Two Culinary Teachers Share Unusual Bond

Two Culinary Teachers Share Unusual Bond

Mother and daughter team-teach at Career Education Center



Deliese Nusser Deidre Stewart

Mother and daughter: Deliese Nusser (left) and Deidra Stewart

WFISD’s growing culinary program necessitated the hiring of a second teacher. But who could have guessed that the perfect addition would be the current teacher’s own daughter? Culinary teacher Deliese Nusser was delighted to learn that she would be team teaching with daughter Deidra Stewart, also a culinary teacher for the past 13 years.

For the past 27 years, Mrs. Nusser has been WFISD’s one and only culinary teacher. Her program, which was headquartered at Rider High School until the opening of the Career Education Center, dates back even to the days her daughter was a student and defiantly declared, “I’ll never be a teacher!”

Now that same daughter, who had a change of heart in college, has a husband, three children and 13 years logged as a culinary teacher in Burnet Consolidated ISD, Marshall ISD, Pine Tree ISD and Whitehouse ISD.

She also oversaw the start-up of a student restaurant, “The Catch,” that has been not only been a raving success but has expanded to 17 locations and is still growing.

Now, the two women are embarking on a full schedule of teaching, a calendar of catering events, competitions and certifications, and the ultimate: running a real restaurant.

So how’s it going? Communications Specialist Ann Work Goodrich visited Chefs Nusser and Stewart as the school year was just revving up in their restaurant-styled kitchen.


What’s it like to work with your daughter?

Mrs. Nusser: I’m very blessed that they chose her. I had her in class at Rider High School. She always told me, “I never want to be a teacher!” In college, she switched majors. One day she told me, “Guess what I’m going to do?” (Go into education.)  I just laughed. She’s a people person. I knew she would be fantastic.


Q: Deidra, after getting your degree at University of Central Oklahoma in Edmund, you went on to teach culinary in Burnet Consolidated ISD, Marshall ISD and to open a new culinary facility in Pine Tree ISD in Longview, Texas. You also taught culinary for nine years at Whitehouse ISD near Tyler, overseeing the start-up of a student restaurant. How do you foresee bringing some of that experience into the WFISD program?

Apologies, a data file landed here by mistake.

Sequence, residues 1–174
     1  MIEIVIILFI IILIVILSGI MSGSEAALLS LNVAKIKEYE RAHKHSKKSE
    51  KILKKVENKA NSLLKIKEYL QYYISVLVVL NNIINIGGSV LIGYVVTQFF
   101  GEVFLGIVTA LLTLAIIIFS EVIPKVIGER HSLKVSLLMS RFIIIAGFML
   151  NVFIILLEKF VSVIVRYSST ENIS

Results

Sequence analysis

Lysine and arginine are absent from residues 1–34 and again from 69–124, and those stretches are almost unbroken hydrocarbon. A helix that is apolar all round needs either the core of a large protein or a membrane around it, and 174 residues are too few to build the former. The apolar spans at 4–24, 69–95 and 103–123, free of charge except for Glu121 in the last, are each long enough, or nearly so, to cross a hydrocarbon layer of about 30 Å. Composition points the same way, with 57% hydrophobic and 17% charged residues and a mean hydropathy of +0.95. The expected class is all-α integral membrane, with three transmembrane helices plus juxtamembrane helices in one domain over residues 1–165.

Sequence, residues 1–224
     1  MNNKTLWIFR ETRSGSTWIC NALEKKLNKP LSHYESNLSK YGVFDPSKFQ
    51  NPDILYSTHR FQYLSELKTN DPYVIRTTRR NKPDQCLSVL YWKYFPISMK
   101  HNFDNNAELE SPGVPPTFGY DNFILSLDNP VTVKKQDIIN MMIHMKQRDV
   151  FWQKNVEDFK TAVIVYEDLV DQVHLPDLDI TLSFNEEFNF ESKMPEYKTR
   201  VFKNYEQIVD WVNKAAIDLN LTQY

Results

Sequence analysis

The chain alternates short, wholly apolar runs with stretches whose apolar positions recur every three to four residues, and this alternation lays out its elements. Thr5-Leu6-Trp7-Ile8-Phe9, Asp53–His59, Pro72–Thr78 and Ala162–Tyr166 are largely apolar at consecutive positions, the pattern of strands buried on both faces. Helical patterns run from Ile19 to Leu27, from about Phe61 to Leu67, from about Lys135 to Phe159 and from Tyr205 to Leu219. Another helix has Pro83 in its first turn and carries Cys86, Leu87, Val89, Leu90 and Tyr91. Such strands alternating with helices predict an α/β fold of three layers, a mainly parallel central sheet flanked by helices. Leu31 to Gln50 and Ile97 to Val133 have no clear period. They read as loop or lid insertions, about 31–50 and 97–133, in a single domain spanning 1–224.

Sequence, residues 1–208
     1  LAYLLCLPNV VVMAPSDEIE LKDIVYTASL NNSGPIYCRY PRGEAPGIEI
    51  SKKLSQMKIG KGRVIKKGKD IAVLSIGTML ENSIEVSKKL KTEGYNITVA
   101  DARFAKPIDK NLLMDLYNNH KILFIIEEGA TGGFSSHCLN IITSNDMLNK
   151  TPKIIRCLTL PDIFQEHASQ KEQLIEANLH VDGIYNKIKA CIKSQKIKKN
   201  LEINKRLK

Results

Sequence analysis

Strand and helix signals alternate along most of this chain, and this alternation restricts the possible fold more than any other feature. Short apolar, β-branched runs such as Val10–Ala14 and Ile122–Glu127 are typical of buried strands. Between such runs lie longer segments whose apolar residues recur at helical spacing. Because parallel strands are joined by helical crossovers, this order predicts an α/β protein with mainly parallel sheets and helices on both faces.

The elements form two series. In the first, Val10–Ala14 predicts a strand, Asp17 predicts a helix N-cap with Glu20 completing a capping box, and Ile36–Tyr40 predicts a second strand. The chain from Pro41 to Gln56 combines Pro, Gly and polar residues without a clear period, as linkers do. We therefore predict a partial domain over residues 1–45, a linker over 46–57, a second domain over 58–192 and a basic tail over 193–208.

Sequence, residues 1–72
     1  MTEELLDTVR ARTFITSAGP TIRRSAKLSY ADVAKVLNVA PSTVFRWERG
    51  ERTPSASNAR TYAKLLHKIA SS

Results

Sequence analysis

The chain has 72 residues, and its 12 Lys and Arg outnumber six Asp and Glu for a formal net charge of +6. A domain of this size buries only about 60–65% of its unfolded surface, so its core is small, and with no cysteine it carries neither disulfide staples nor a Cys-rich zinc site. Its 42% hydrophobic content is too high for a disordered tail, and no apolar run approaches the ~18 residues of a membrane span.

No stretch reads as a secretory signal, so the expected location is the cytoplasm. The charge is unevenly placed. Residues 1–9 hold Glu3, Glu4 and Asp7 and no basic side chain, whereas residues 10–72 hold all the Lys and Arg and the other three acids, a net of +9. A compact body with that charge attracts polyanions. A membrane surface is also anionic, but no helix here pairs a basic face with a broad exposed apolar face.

Mrs. Stewart: We will be doing more catering. I’m very comfortable with that. We will also be doing a lot of competition. In the past, my students have won at state and national competitions. I can bring that experience to the program. As you mentioned, in East Texas, my students started a restaurant that is now in 17 locations and growing. I will bring that restaurant concept here.

I can’t take my mom to Walmart (because she’s so well known in the community). She’s the face of the program. Not only is she a great culinary educator, she’s a great educator, period. However, I can bring in the more modern aspects of the field. We are introducing Google, more technology, and things like molecular gastronomy.


Mrs. Nusser: She will also be taking them to competitions.

Mrs. Stewart: Which I expect to win. The students know it. These kids are awesome.  They want to learn. I can teach anybody as long as they want to learn. I think you’ve got to be personable and build a relationship with them. And show them how this is going to benefit them. We have a very selfish society. So show them what’s in it for them. When you come to culinary, you’re going to run a restaurant. It’s not me telling you what to do. No, you’re making the decisions. When you get to college, you’re going to say, “I did that.”


Q: You’re well known in the world of culinary competitions.

Mrs. Stewart: The colleges also know me around here because of the competitions. So far, I’ve helped students earn almost $500,000 in scholarships for Johnson and Wells University. Those students are going to Johnson and Wells University, a four-year university in culinary arts, pastry and baking. And educators there say, “Oh, you mentored under Chef Stewart?” And they will give them college credits for their high school work because they know my students have already passed a certain level of accomplishment. I have a student who owns his own bakery, has been on Food Network several times and has won Cupcake Wars, Cake Wars AND the Cookie Wars. He owns his own bakery in East Texas, and it is unbelievable.

Mrs. Nusser: So, she’s very qualified.

Q: What’s it been like to work together?

Mrs. Stewart: Busy!

Q: Do you talk about anything besides cooking when you are together after hours?

Mrs. Stewart: The beginning of school is just crazy and hectic anyway. Then when you throw in new things like Google, the Chromebook, and how are we going to do that in the kitchen? But we’re figuring it out. We’re learning.

We share lesson plans so we make sure they’re all getting the same instruction. We also leave work at work. So when we have our Sunday night dinners with our family and our grandbabies are sitting around, and the chaos is all there, it’s about them. It’s not about work.

Mrs. Nusser: I’m Grandma. And I love it.

Q: Have you disagreed about anything and had to work through it?

Mrs. Nusser: I haven’t found anything that we really disagree about.

Mrs. Stewart: Because we’re different, she may approach something one way and I would do it another. For example, cell phones. She may say, “Guys, we’re not having cell phones. Put your cell phones up.” And she may give them two to three warnings. I’m like, “No. Give it to me.”

Mrs. Nusser: We will compromise. That’s one of the things I love about it. She tells them her view, and I tell them mine.

Mrs. Stewart: I’m a lot like my dad. I think that’s why we work together so well. Because she’s still with him, 36 years!

Mrs. Nusser: I tell you, I’m blessed.